Effective January 1, 2005, Pakistan has entered into the product per se patent protection regime in the field of pharmaceutics and agriculture. With the new regime, the “Black Box” application era has ended up. The old system of UNIFORM filing is now restored. There is, however, no development as to when Pakistan is going to sign the Patent Cooperation Treaty (PCT).
Once an application for the grant of a patent is filed, it is examined with respect to compliance with the formalities and patentability provided for under the patent law, including novelty, inventiveness and industrial application. In case of rejection, the applicant has the right to appeal to the High Court within 90 days as of the date of receiving the notification of rejection.
Accepted applications are published in the Official Gazette and any interested party has the right to appeal to the Controller of Opposition within 120 days as of the date of publication in the Official Gazette. In the absence of opposition, the letters patent is issued.
The right to a patent may be assigned or licensed. An assignment shall have no effect against third parties, unless it has been recorded at the Patent Office and published in the Official Gazette.
Working of patents in Pakistan is an official requirement. If the owner of a patented invention does not satisfy the stipulated working requirements within 4 years from the filing date or 3 years from the grant date of the patent, if the working is stopped for 2 consecutive years, if the use does not cover the demands of Pakistan, or if the owner refuses to license it under a contract of fair terms, the patent will be subject to compulsory licensing under the provisions of the law. Importation of products made under the patent is not considered as use.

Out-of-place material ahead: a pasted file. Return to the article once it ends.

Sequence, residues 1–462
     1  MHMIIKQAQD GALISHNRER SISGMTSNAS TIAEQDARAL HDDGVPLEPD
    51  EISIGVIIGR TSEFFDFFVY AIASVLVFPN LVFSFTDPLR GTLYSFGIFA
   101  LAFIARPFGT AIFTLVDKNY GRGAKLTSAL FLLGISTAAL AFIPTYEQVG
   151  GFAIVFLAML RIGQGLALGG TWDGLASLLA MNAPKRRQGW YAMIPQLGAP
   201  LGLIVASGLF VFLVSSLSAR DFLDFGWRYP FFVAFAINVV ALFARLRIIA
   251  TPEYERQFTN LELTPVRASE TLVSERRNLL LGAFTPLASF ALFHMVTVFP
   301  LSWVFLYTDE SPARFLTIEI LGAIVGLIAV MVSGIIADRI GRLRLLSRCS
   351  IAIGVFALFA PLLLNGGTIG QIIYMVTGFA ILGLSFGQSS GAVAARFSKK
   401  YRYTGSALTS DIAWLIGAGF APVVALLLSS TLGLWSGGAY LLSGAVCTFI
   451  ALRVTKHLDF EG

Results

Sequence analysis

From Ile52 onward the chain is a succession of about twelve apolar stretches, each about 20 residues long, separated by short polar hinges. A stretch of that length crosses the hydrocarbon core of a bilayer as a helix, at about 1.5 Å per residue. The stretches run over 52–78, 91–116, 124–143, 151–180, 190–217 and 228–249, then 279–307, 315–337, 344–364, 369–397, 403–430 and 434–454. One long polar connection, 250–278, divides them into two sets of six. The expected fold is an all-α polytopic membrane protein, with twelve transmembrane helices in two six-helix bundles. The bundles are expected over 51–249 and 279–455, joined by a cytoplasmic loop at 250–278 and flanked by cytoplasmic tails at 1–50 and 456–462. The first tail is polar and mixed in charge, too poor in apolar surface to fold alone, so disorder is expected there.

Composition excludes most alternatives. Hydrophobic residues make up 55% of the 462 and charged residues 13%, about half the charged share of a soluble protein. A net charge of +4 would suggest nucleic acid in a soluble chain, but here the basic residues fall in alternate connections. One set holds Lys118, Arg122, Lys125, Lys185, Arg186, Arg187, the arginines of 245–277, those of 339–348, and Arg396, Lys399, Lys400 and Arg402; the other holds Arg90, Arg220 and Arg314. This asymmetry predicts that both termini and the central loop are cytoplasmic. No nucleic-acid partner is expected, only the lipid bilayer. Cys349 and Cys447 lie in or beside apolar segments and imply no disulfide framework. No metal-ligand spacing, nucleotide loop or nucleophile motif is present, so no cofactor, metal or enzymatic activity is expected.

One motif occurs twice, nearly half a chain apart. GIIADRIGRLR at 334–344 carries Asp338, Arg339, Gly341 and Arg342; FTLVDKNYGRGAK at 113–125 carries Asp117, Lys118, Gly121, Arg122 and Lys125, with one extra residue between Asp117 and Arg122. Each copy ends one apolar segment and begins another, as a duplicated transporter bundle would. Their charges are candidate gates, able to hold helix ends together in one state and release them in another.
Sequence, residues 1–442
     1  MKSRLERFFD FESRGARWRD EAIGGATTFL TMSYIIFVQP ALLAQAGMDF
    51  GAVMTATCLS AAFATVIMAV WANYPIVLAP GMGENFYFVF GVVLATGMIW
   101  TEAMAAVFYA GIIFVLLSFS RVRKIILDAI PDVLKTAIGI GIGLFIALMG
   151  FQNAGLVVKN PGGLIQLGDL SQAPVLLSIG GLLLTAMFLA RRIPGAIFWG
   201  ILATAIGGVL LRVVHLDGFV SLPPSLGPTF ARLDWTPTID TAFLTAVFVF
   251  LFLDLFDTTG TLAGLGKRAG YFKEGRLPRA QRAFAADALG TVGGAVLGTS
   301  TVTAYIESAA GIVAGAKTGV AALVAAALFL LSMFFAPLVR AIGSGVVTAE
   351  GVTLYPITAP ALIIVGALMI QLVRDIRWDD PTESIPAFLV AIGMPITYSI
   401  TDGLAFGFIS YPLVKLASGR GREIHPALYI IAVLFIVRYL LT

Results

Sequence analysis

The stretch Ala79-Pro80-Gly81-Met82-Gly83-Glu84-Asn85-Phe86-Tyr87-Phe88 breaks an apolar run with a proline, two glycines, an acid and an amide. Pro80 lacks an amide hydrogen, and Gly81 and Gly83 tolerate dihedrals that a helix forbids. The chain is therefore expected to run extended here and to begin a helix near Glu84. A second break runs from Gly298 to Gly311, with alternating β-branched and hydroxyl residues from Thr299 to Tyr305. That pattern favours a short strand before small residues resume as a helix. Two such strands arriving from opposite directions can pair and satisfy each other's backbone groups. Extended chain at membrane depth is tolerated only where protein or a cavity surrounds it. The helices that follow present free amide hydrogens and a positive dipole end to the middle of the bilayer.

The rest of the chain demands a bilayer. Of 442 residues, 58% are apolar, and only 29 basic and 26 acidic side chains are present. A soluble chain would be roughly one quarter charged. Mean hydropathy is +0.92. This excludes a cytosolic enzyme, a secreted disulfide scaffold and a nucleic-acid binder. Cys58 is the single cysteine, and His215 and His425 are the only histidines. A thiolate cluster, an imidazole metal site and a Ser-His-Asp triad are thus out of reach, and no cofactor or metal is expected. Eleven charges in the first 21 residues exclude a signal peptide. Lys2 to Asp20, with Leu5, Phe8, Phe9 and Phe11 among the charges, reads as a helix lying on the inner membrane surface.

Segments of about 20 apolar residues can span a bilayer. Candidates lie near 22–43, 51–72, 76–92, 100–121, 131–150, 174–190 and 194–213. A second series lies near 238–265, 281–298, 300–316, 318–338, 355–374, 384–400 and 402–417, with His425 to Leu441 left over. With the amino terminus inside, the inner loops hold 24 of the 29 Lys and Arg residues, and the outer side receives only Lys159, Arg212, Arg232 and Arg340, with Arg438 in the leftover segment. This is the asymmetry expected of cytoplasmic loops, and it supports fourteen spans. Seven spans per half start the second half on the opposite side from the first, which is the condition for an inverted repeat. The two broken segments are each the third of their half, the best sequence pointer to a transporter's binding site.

Although the law does not have any stipulation of novelty except the mention of "new", the Implementing Regulations require the administration to examine the patent as to its novelty: i.e., the new invention has no precedence in the industrial prior art. The industrial prior art means all that was disclosed to the public anywhere at any time whether by written or oral disclosure or by use or any other method which allows the understanding of the invention. Technical know-how is protected from any unauthorized use, breach or disclosure. Infringement of the rights of a patentee is punishable under the provisions of the law.
Under the Patents Ordinance of 2000, four kinds of patents are granted:
1. An ordinary patent which is dated as of the official date of the application for the patent.
2. A patent relating to chemical products intended for use in agriculture and medicines.
3. A patent claiming "priority" which is dated as of the official date of the corresponding application for patent first made in a country which is a member of the WTO.
4. A patent of addition, for the purpose of improving or modifying an invention for which a patent has already been applied or granted.
A patent is valid for 20 years. Annuities are to be paid starting from the fifth year of the patent term and are paid in advance at the beginning of the fourth year.
The right to a patent may be assigned or licensed. An assignment shall have no effect against third parties, unless it has been recorded at the Patent Office and Published in the Official Gazette.